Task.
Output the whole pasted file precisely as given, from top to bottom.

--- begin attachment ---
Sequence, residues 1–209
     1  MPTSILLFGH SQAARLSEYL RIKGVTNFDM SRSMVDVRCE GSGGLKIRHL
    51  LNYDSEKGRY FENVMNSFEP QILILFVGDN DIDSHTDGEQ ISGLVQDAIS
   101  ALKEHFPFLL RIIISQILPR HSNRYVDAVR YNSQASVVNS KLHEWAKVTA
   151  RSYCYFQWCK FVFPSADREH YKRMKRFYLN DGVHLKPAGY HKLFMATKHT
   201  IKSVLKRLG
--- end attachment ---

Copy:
Sequence, residues 1–209
     1  MPTSILLFGH SQAARLSEYL RIKGVTNFDM SRSMVDVRCE GSGGLKIRHL
    51  LNYDSEKGRY FENVMNSFEP QILILFVGDN DIDSHTDGEQ ISGLVQDAIS
   101  ALKEHFPFLL RIIISQILPR HSNRYVDAVR YNSQASVVNS KLHEWAKVTA
   151  RSYCYFQWCK FVFPSADREH YKRMKRFYLN DGVHLKPAGY HKLFMATKHT
   201  IKSVLKRLG